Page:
Whitney and Leo are spending a couple of days in Barcelona as part of their European trip (they are also visiting Venice and Madrid). They love walking around, and they wanted an overview of the city, so they could continue exploring it on their own while they are here. That’s why I suggested them to get a 4 hours walking tour that covered the best of the city center.
We started in the Gothic Quarter, where I introduced them to the origins of Barcelona. Strolling around the medieval alleys and squares we saw Roman ruins, gothic patios, the Royal Palace, the City Council and the Generalitat Government building, amongst other. This time of the year the city is crowded with groups, but I managed to skip them, navigating my guests through less busy alleys. We even got to the Roman Temple right on time, as a cruiseship group was leaving, and by the time we were leaving I saw a large group of students approaching. Phew!
The Cathedral is probably the most important building in the area. I explained them that tour guides are only allowed to go in as long as their clients pay the fee of the choir, but since it’s not much, they agreed to go in with me (other times I just explain it from outside and let them visit quickly on their own, that depends on how my guests are feeling). We entered the magnificent wooden choir, I showed them the artistic side chapels and the crypt of St. Eulàlia and they were surprised to see that in the cloister there are gees.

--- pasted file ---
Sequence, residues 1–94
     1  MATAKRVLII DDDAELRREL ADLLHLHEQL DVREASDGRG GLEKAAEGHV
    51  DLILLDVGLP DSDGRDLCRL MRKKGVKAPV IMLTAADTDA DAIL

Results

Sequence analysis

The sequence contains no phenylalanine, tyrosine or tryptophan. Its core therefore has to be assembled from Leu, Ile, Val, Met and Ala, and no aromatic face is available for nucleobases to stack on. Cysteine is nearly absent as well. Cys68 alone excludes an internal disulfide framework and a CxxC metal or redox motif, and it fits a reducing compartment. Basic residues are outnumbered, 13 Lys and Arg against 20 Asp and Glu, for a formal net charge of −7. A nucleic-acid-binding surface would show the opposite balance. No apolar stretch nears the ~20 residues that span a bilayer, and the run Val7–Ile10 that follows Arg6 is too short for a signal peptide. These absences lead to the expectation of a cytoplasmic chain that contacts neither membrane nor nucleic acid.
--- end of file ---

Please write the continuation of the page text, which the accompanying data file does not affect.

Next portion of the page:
Exiting the Cathedral I mentioned there is a historical Jewish Quarter (“Call”) nearby: I often have Jewish clients who want to visit it. Today instead, although they were interested when I explained about the medieval Jewish community and the attacks they suffered in 1391, they preferred to spend more time in other sites and we skipped the Call.
We continued towards La Rambla, this vibrant boulevard in the middle of the Old Town, famous for its street performers and the pretty flower market. There we entered the Boqueria market, which Leo (who is a big foodie), said it was one of the highlights of the tour. I agree, there are outstanding displays, local products and exotic food, all in one place!
We continued our stroll towards the Eixample District, which is the Expansion area where the local Art Nouveau, known as Modernism, bloomed in the late 1800s and early 1900s. I explained about Ildefons Cerdà’s city plan and when we reached the Block of Disagreement, we discussed the 3 best architects that time : Domènech i Muntaner, Puig i Cadafalch, and of course, Antoni Gaudí.
We took pictures of Casa Batlló and Casa Milà / Pedrera, and then decided to take a cab to the Sagrada Família Church, Gaudí’s Masterpiece, where he worked the last 43 years of his life until his death in 1926. Even if it’s still a work in progress, Inside is a MUST! I dare saying it’s possibly the most breathtaking place you’ve ever seen! Whitney took so many pictures that her camera run out of battery.
At the end of our tour, I showed them on a map everything we had covered and marked them a few recommendations of restaurants and a shop we passed on the way where Whitney wanted to go back, and then I helped them taking a taxi. It was another lovely day in Barcelona!
Learn more about my favorite Barcelona walking tour.